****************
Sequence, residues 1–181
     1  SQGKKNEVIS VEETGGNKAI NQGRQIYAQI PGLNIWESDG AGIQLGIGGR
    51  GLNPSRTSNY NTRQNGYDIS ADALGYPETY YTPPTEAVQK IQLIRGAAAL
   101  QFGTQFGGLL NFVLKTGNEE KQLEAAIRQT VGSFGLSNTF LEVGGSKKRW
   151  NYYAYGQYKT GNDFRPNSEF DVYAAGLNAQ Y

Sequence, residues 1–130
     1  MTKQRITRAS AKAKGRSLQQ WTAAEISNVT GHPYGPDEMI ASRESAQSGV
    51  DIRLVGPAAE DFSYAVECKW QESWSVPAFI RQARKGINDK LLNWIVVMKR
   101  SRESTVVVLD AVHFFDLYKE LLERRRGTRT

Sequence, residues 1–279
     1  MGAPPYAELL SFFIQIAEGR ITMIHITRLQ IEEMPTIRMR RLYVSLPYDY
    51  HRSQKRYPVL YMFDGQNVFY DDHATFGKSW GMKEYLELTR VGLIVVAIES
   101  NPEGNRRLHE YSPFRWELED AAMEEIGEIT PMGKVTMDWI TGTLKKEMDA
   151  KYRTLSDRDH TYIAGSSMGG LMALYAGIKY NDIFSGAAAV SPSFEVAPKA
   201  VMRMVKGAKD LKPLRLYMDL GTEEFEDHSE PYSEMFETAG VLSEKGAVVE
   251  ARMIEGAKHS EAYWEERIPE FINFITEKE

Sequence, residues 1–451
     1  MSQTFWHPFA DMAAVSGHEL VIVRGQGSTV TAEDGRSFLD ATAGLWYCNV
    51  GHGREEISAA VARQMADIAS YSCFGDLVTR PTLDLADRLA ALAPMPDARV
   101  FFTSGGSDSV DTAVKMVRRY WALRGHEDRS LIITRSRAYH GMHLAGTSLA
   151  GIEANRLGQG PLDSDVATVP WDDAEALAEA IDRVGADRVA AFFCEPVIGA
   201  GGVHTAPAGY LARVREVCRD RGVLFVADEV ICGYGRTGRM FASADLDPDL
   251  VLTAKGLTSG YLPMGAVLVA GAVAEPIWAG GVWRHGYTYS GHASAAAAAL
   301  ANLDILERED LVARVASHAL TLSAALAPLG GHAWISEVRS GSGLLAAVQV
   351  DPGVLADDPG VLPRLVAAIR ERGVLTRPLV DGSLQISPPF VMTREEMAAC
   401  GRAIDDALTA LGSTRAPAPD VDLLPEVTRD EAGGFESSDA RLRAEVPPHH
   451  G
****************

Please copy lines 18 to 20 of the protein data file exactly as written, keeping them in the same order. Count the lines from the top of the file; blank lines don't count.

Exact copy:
     1  MSQTFWHPFA DMAAVSGHEL VIVRGQGSTV TAEDGRSFLD ATAGLWYCNV
    51  GHGREEISAA VARQMADIAS YSCFGDLVTR PTLDLADRLA ALAPMPDARV
   101  FFTSGGSDSV DTAVKMVRRY WALRGHEDRS LIITRSRAYH GMHLAGTSLA